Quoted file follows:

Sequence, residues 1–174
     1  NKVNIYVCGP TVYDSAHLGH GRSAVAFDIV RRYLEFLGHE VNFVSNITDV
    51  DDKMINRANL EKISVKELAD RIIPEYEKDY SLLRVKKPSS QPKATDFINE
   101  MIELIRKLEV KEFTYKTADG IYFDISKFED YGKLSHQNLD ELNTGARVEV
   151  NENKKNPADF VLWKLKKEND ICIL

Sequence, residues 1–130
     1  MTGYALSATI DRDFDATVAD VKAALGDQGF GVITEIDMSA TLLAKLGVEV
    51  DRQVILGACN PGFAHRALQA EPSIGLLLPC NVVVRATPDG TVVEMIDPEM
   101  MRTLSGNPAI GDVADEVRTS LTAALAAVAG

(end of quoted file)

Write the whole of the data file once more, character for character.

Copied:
Sequence, residues 1–174
     1  NKVNIYVCGP TVYDSAHLGH GRSAVAFDIV RRYLEFLGHE VNFVSNITDV
    51  DDKMINRANL EKISVKELAD RIIPEYEKDY SLLRVKKPSS QPKATDFINE
   101  MIELIRKLEV KEFTYKTADG IYFDISKFED YGKLSHQNLD ELNTGARVEV
   151  NENKKNPADF VLWKLKKEND ICIL

Sequence, residues 1–130
     1  MTGYALSATI DRDFDATVAD VKAALGDQGF GVITEIDMSA TLLAKLGVEV
    51  DRQVILGACN PGFAHRALQA EPSIGLLLPC NVVVRATPDG TVVEMIDPEM
   101  MRTLSGNPAI GDVADEVRTS LTAALAAVAG